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I finally found a performance bottleneck in my code but am confused as to what the reason is. To solve it I changed all my calls of numpy.zeros_like to instead use numpy.zeros. But why is zeros_like sooooo much slower?

For example (note e-05 on the zeros call):

>>> timeit.timeit('np.zeros((12488, 7588, 3), np.uint8)', 'import numpy as np', number = 10)
5.2928924560546875e-05
>>> timeit.timeit('np.zeros_like(x)', 'import numpy as np; x = np.zeros((12488, 7588, 3), np.uint8)', number = 10)
1.4402990341186523

But then strangely writing to an array created with zeros is noticeably slower than an array created with zeros_like:

>>> timeit.timeit('x[100:-100, 100:-100] = 1', 'import numpy as np; x = np.zeros((12488, 7588, 3), np.uint8)', number = 10)
0.4310588836669922
>>> timeit.timeit('x[100:-100, 100:-100] = 1', 'import numpy as np; x = np.zeros_like(np.zeros((12488, 7588, 3), np.uint8))', number = 10)
0.33325695991516113

My guess is zeros is using some CPU trick and not actually writing to the memory to allocate it. This is done on the fly when it's written to. But that still doesn't explain the massive discrepancy in array creation times.

I'm running Mac OS X Yosemite with the current numpy version:

>>> numpy.__version__
'1.9.1'
  • zeros uses memset; zeros_like seems to effectively do a fill which does a ton of nonsense. I tried to chase down the actual execution but it's needlessly obtuse. – Veedrac Dec 15 '14 at 1:23
  • zeros does not use memset. – pv. Dec 15 '14 at 13:28
15

My timings in Ipython are (with a simplier timeit interface):

In [57]: timeit np.zeros_like(x)
1 loops, best of 3: 420 ms per loop

In [58]: timeit np.zeros((12488, 7588, 3), np.uint8)
100000 loops, best of 3: 15.1 µs per loop

When I look at the code with IPython (np.zeros_like??) I see:

res = empty_like(a, dtype=dtype, order=order, subok=subok)
multiarray.copyto(res, 0, casting='unsafe')

while np.zeros is a blackbox - pure compiled code.

Timings for empty are:

In [63]: timeit np.empty_like(x)
100000 loops, best of 3: 13.6 µs per loop

In [64]: timeit np.empty((12488, 7588, 3), np.uint8)
100000 loops, best of 3: 14.9 µs per loop

So the extra time in zeros_like is in that copy.

In my tests, the difference in assignment times (x[]=1) is negligible.

My guess is that zeros, ones, empty are all early compiled creations. empty_like was added as a convenience, just drawing shape and type info from its input. zeros_like was written with more of an eye toward easy programming maintenance (reusing empty_like) than for speed.

np.ones and np.full also use the np.empty ... copyto sequence, and show similar timings.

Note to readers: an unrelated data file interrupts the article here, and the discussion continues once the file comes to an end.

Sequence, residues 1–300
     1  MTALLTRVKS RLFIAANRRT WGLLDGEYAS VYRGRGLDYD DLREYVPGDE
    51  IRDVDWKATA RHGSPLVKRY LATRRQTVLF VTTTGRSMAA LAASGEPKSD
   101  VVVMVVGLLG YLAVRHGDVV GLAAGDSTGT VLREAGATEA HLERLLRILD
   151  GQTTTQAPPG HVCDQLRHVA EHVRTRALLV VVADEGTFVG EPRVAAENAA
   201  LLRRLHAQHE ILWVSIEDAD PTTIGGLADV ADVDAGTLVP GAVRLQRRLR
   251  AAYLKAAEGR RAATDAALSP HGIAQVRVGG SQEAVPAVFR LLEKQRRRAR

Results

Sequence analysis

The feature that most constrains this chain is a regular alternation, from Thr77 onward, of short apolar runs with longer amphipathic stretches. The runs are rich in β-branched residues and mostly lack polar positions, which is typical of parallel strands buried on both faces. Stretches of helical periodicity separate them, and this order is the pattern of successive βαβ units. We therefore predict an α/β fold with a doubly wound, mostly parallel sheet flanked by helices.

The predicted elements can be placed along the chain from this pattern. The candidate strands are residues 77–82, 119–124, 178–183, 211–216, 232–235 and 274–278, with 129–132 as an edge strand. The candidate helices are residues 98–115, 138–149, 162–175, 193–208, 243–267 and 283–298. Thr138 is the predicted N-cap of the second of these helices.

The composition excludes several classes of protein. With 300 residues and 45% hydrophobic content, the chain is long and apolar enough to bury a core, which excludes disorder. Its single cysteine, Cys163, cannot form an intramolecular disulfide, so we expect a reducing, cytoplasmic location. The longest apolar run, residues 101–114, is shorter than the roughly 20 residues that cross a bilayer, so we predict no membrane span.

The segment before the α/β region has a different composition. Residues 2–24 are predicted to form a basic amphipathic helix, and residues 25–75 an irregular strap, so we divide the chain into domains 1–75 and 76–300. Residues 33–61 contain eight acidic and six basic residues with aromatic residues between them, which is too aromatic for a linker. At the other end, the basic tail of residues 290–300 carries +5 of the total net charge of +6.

https://github.com/numpy/numpy/blob/master/numpy/core/src/multiarray/array_assign_scalar.c appears to be file that copies a scalar (such as 0) to an array. I don't see a use of memset.

https://github.com/numpy/numpy/blob/master/numpy/core/src/multiarray/alloc.c has calls to malloc and calloc.

https://github.com/numpy/numpy/blob/master/numpy/core/src/multiarray/ctors.c - source for zeros and empty. Both call PyArray_NewFromDescr_int, but one ends up using npy_alloc_cache_zero and the other npy_alloc_cache.

npy_alloc_cache in alloc.c calls alloc. npy_alloc_cache_zero calls npy_alloc_cache followed by a memset. Code in alloc.c is further confused with a THREAD option.

More on the calloc v malloc+memset difference at: Why malloc+memset is slower than calloc?

But with caching and garbage collection, I wonder whether the calloc/memset distinction applies.


This simple test with the memory_profile package supports the claim that zeros and empty allocate memory 'on-the-fly', while zeros_like allocates everything up front:

N = (1000, 1000) 
M = (slice(None, 500, None), slice(500, None, None))

Line #    Mem usage    Increment   Line Contents
================================================
     2   17.699 MiB    0.000 MiB   @profile
     3                             def test1(N, M):
     4   17.699 MiB    0.000 MiB       print(N, M)
     5   17.699 MiB    0.000 MiB       x = np.zeros(N)   # no memory jump
     6   17.699 MiB    0.000 MiB       y = np.empty(N)
     7   25.230 MiB    7.531 MiB       z = np.zeros_like(x) # initial jump
     8   29.098 MiB    3.867 MiB       x[M] = 1     # jump on usage
     9   32.965 MiB    3.867 MiB       y[M] = 1
    10   32.965 MiB    0.000 MiB       z[M] = 1
    11   32.965 MiB    0.000 MiB       return x,y,z
  • Having a look at the internals was the right direction to go. Strange that zeros_like doesn't just call through to zeros. I have run the assignment tests multiple time and always get small difference but noticeably faster times for zeros_like arrays. – Damon Maria Dec 17 '14 at 14:25
  • 3
    The above guesses are not the reason. The actual difference is whether zeroing memory is left to the VM subsystem of the operating system, or done by the process itself. – pv. Dec 20 '14 at 16:41
  • The calloc/memset explanation sounds logical, but I'm having trouble confirming that in the numpy code. – hpaulj Dec 20 '14 at 23:53
14

Modern OS allocate memory virtually, ie., memory is given to a process only when it is first used. zeros obtains memory from the operating system so that the OS zeroes it when it is first used. zeros_like on the other hand fills the alloced memory with zeros by itself. Both ways require about same amount of work --- it's just that with zeros_like the zeroing is done upfront, whereas zeros ends up doing it on the fly.

Technically, in C the difference is calling calloc vs. malloc+memset.

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